Because of several reasons and amongst them the major one is availability of “Water”
The entire approach of urbanisation has been on reclamation of land which otherwise were natural water bodies just a century ago. Those water bodies now have a human settlement, which apart from a lost opportunity for recharging groundwater is also leading to urban flooding. Flooding means that there is rainfall beyond the natural capacity of the reservoirs of the area, and usually this water goes down in the drain and then to rivers flowing towards the oceans.
A national government may have an environment ministry to have an eye on the future, however a council may have a health division to take care of the day to day issues and the laters major budgeting also goes towards it. So a unified approach is very rare to arrive at thus resources such as rainwater aren’t being harvested to effectively feed the increasingly urbanised city. This non functional system over the last two centuries has become so imbibed in all our culture, that it has almost become an acceptable sin to live with.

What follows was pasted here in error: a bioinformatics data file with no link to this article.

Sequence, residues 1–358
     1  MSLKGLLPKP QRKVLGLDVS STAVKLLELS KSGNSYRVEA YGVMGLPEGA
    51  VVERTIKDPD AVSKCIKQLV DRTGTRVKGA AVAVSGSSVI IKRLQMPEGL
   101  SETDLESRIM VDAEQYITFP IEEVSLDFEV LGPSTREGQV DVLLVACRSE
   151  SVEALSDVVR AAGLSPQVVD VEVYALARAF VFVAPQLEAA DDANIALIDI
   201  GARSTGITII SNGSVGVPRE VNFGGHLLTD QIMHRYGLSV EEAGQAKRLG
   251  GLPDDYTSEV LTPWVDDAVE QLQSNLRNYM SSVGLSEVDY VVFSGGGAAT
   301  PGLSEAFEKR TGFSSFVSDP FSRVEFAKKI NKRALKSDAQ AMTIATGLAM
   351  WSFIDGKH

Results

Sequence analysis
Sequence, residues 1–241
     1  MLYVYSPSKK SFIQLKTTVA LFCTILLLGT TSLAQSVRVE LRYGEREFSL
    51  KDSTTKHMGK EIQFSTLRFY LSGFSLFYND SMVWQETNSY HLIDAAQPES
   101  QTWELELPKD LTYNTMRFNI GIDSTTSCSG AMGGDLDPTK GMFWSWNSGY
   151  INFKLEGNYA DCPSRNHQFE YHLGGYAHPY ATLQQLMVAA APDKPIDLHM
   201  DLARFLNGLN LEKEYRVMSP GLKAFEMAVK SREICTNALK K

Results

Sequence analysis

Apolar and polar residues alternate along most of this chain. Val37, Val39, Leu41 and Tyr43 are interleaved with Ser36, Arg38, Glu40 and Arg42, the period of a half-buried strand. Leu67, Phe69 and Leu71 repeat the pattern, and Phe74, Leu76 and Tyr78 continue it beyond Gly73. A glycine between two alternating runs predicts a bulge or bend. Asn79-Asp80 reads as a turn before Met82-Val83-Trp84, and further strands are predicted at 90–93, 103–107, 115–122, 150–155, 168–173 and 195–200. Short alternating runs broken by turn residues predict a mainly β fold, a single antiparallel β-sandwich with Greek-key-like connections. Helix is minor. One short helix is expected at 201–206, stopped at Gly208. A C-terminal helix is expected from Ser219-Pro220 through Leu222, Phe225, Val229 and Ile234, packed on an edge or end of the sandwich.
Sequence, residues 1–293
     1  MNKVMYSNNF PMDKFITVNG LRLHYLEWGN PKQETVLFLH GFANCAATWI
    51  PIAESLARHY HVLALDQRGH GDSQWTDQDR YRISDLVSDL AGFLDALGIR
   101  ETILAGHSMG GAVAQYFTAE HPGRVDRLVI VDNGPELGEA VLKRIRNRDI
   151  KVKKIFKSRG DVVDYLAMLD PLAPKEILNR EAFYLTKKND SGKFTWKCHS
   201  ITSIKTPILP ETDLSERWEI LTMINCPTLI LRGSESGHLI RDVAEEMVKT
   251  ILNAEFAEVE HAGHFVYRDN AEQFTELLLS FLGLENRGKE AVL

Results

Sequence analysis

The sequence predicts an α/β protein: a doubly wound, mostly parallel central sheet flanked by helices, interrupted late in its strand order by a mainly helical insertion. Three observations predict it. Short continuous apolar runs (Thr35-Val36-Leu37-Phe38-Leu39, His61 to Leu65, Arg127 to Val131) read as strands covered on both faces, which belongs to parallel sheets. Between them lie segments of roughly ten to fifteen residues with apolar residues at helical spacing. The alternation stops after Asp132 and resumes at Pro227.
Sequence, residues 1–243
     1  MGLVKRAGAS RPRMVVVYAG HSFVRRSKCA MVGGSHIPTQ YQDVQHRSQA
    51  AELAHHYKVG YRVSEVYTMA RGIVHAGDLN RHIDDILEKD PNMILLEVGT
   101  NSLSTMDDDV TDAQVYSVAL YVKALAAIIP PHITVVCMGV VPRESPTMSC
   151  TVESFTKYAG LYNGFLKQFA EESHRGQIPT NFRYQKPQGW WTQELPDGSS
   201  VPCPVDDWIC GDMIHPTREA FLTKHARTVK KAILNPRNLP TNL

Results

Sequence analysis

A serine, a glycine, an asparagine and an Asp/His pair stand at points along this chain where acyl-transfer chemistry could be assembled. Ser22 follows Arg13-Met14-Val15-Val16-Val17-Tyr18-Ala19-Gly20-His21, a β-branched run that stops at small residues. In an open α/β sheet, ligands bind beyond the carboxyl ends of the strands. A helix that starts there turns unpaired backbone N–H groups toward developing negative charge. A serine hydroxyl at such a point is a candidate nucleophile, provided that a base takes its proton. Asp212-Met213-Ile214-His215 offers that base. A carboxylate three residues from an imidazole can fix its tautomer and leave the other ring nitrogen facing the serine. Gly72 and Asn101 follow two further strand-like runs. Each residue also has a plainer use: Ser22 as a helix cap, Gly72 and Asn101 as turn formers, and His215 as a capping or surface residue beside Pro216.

Above: A Pool of water just floods a ground without any ways and means of being utilised by the city council.
Since while there is no unified approach at a city level in managing these resources, its but natural for the individual building owners and the gated communities not to think about it at all and Architecture at best is confined to beautification of a building rather than sustainability cause no one from the city council which governs the by laws is demanding it.
Usually, the total surface far exceeds that of the building’s area in any city. So merely imposing solar collectors or rainwater harvesting in a few isolated pockets may be just lip service rather than making the city actually sustainable.
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